Cape Town - Springbok coach Allister Coetzee has suggested that there will not be wholesale changes to his starting lineup for the second Test against Ireland in Johannesburg on Saturday.
The Boks went down 26-20 to the Irish at Newlands on Saturday, but what made matters worse is that they spent close to an hour with a numerical advantage after CJ Stander was sent off for the visitors.
All over the park there were performances that raised eyebrows.
Willie le Roux struggled, Lionel Mapoe hardly touched the ball, Damian de Allende showed that he is still far from his best, Duane Vermeulen disappeared, Lood de Jager was surprisingly soft in contact while Frans Malherbe was a walking penalty.
Off the bench, though, there were a couple of performances that did provide some encouragement.
Pieter-Steph du Toit showed his athleticism for his intercept try while Warren Whiteley was full of energy and looked well up for it despite playing at flank.
It is hard to read too much into the performances of those two players given their limited time on the pitch, but they did at least display an intensity that was perhaps lacking from the rest of the Bok pack.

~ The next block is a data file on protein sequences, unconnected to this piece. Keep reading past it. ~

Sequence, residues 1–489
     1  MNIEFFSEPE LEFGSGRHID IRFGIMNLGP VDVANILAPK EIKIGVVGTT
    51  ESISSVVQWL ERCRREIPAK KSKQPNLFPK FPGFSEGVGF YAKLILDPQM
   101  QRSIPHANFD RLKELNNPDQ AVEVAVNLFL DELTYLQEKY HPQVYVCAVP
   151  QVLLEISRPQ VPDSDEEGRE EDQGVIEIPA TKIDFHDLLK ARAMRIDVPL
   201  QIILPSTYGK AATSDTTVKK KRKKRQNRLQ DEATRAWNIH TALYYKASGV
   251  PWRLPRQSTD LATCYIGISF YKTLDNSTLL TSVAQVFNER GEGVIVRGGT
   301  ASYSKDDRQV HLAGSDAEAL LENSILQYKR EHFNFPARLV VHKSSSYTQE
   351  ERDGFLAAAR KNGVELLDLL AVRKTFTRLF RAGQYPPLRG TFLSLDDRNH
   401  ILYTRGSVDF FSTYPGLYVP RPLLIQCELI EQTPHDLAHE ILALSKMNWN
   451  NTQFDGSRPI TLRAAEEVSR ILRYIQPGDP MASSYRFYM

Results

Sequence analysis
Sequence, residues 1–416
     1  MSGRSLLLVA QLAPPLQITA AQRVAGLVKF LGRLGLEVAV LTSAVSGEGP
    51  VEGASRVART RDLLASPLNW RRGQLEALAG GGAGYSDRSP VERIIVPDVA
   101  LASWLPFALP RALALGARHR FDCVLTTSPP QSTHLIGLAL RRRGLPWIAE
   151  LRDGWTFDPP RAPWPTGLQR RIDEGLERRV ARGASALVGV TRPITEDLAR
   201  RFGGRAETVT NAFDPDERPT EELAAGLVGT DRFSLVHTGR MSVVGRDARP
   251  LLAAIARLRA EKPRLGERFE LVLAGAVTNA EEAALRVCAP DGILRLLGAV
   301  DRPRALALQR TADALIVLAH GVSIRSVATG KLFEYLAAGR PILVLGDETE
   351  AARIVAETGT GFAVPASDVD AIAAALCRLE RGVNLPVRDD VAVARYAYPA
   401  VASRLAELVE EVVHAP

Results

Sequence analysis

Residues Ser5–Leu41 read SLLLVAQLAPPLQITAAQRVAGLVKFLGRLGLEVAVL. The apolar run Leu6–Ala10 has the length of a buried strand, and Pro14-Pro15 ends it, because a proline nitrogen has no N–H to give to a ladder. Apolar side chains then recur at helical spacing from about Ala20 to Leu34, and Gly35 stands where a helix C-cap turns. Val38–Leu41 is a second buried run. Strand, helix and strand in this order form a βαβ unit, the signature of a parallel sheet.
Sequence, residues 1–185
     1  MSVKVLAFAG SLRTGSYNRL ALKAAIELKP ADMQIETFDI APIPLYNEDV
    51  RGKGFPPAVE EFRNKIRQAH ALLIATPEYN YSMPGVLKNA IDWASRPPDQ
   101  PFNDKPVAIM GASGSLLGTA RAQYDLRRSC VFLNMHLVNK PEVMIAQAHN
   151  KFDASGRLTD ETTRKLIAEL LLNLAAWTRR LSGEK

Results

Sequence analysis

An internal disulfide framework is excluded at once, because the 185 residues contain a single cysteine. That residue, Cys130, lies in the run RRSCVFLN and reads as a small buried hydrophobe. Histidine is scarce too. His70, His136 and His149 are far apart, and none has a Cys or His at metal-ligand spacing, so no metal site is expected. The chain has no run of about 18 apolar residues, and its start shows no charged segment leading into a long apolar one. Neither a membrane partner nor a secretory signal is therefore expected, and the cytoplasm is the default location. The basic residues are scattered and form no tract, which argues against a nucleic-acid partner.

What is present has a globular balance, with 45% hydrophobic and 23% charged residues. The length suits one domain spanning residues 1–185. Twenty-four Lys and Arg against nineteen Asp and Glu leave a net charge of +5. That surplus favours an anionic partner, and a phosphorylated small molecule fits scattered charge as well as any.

For that reason alone it may be tempting for Coetzee to make some changes ahead of what has become a must-win second Test, but the suggestion after the disaster at Newlands was that he would show faith in the men who became the first Springbok team to lose at home to Ireland.
"I’m pleased with the reserves that made an impact, that is why they’re there," Coetzee said.
"But I always believe you give players an opportunity to redeem themselves, they’re all disappointed.
"They all want the opportunity to fix it … there is no reason to panic. The only panic we have is to get it right for next week and the players understand that … they’re really hurting."
Coetzee was backing his charges to come good in Johannesburg.
"We didn’t only disappoint ourselves but we disappointed South Africa because this team had all the backing and support … that carries an extra load and inspires us to get it back on track quickly," he said.